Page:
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The Potential Fallout Of A Pakistani Militant's Death

  • Abubakar Siddique

If reports of the death of Wali-ur Rehman Mehsud (center) are true, the Taliban will have been deprived of a key strategist and operative.

If reports of the death of Wali-ur Rehman Mehsud (center) are true, the Taliban will have been deprived of a key strategist and operative.

The death of a key Pakistani Taliban commander tied to high-profile terrorist attacks in Pakistan and Afghanistan would be a major blow to the extremist movement's operations.

Wali-ur Rehman Mehsud, the deputy commander of Tehrik-e Taliban Pakistan (TTP), is believed to have been killed in a drone strike carried out by the United States in the tribal regions of northwest Pakistan in the early hours of May 29.

RFE/RL's Radio Mashaal reported Mehsud's killing in the village of Chashmapul, North Waziristan, based on local and TTP sources.

Mehsud's death and the reported deaths of up to five other militants in the strike have not been officially confirmed by the TTP or the Pakistani government.

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If true, the TTP would be deprived of a key strategist and operative capable of navigating Pakistani politics, raising funds, and carrying out major attacks in Afghanistan, Pakistan, and beyond.

Rehman was the alleged mastermind of the September 2008 attack on the Marriott Hotel in Pakistan's capital, Islamabad, in which more than 50 people were killed. He was also linked to the December 2009 attack on a CIA base in Khost, Afghanistan in which seven CIA employees were killed.

In 2010 the U.S. government, noting his attacks against U.S. personnel, offered rewards of up to $5 million for information identifying his location.

The 42-year-old was among a handful of TTP leaders with formal religious credentials and, as a former member of the prominent Islamist party Jamiat-e Ulam-e Islam, was seen as having political influence.

A Revered Figure

Retired Pakistani Brigadier-General Mehmood Shah followed Rehman's ascendancy within the TTP's hierarchy.

He notes that TTP members referred to Rehman as "Maulvi" and "Mufti" -- titles bestowed because of his religious education and authority.

"His loss means that the Taliban have lost a key symbolic figure whose understanding of religious issues was very important," Shah says. "Now they don't have anyone among their ranks that they can turn to interpret complex issues of Islamic jurisprudence."

RFE/RL Radio Mashaal correspondent Sailab Mehsud says Rehman was revered among the ranks of the TTP because of his close association with the group's founder, Baitullah Mehsud, who was killed in a drone strike in 2009.

Rehman was a native of Waziristan and came from the Mehsud tribe that inhabits the South Waziristan tribal district.

According to Mehsud, Rehman was a relatively mature figure in an organization mostly made up of young fighters. This gave him the authority and clout to resolve differences within the TTP's ranks.

"It is possible that his death will fan the differences among various Taliban factions," he says. "This is because his faction within the...[TTP] seems to have no figure capable of checking and controlling their differences and dealings with other Taliban groups."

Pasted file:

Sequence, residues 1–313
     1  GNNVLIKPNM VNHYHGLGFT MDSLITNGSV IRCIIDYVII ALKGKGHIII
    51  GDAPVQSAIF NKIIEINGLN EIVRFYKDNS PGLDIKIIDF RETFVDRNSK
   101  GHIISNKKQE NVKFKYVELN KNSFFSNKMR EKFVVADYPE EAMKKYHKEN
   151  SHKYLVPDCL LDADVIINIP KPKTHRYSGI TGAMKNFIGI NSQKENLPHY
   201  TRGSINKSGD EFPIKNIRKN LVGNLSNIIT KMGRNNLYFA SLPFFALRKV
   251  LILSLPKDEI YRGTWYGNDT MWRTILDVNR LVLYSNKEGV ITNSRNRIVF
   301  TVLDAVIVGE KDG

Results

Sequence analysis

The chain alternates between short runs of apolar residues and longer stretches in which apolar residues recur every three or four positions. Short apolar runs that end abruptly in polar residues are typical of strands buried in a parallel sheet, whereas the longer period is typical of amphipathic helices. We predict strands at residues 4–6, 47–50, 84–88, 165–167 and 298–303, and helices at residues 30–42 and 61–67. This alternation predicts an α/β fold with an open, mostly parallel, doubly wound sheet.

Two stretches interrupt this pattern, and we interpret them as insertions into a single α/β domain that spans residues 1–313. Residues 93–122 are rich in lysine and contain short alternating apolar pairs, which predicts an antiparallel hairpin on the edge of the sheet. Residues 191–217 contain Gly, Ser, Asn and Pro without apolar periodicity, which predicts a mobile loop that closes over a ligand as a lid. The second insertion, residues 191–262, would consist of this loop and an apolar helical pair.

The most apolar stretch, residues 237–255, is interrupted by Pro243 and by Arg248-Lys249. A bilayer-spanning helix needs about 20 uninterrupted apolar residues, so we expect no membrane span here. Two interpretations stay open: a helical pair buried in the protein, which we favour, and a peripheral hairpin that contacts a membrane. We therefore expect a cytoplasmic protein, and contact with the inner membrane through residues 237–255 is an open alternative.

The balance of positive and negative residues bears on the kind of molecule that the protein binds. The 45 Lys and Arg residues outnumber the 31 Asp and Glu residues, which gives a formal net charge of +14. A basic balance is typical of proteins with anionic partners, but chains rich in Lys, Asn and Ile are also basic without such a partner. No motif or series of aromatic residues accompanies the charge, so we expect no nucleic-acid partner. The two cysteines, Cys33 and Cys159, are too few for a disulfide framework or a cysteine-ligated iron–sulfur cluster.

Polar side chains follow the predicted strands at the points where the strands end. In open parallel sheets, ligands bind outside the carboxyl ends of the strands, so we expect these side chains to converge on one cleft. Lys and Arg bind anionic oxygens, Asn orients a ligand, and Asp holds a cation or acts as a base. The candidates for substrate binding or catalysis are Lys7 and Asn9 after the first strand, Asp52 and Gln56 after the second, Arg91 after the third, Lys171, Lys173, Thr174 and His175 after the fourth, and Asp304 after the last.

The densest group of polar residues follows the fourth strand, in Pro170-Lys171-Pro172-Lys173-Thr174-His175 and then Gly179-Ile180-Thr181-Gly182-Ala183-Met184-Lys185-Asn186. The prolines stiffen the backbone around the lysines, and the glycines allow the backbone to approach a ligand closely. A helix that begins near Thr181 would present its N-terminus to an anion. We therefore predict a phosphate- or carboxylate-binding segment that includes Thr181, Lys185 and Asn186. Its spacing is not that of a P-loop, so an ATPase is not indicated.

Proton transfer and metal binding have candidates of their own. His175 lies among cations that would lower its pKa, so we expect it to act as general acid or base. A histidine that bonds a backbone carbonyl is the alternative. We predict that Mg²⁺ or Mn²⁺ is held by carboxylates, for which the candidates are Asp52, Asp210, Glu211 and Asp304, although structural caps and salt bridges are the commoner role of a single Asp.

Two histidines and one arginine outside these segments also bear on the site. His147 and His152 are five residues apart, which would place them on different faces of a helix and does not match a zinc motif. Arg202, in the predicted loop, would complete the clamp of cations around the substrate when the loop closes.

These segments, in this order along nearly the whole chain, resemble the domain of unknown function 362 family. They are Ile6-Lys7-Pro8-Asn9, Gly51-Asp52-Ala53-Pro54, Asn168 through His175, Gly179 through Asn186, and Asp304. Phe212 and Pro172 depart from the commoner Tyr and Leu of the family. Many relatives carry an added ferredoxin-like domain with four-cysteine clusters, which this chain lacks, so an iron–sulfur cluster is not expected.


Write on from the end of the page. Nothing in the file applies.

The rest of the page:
Strong tensions developed between Rehman and current TTP leader Hakimullah Mehsud in 2009 over the group's leadership. But the two reportedly resolved their differences and were seen as having an amicable working relationship.

Financial Fallout

Mehsud maintains that Rehman's killing would hit the Taliban coffers hard.

He says that Rehman raised finances for the TTP through a large and influential gang in the southern Pakistani seaport city of Karachi.

Mehsud says the group specialized in carrying out bank robberies and kidnappings for ransom, and the money gained from those activities were used to fund TTP attacks.

Looking at the immediate effects of Rehman's death, Mehsud singles out the ongoing efforts to initiate negotiations with the TTP, which has waged a long insurgency against the Pakistani government.

The incoming Pakistani federal government and the provincial government of the northwestern Khyber Pakhtunkhwa Province, where the TTP is highly active, have both expressed their intention to initiate talks with the TTP.

Mehsud says such initiatives would face difficulties in the absence of Rehman, whose former membership in Jamiat-e Ulam-e Islam provided a bridge between the militant group and the political scenes in Islamabad as well as in provincial and tribal regions.

The party has a strong support base in the tribal areas, Khyber Pakhtunkhwa, and the southwestern Balochistan Province. It recently won many seats from these areas and emerged as the second-largest party in Khyber Pakhtunkhwa Province.

Retired general Shah, who has extensive experience in dealing with the Taliban in the tribal areas, offers a counter opinion. He believes the absence of a key figure such as Rehman could push the TTP to the negotiating table.

"If the [TTP] sense they have been substantially weakened by this killing, it might prompt them to look at negotiations favorably," he says. "This would be a positive result of his killing."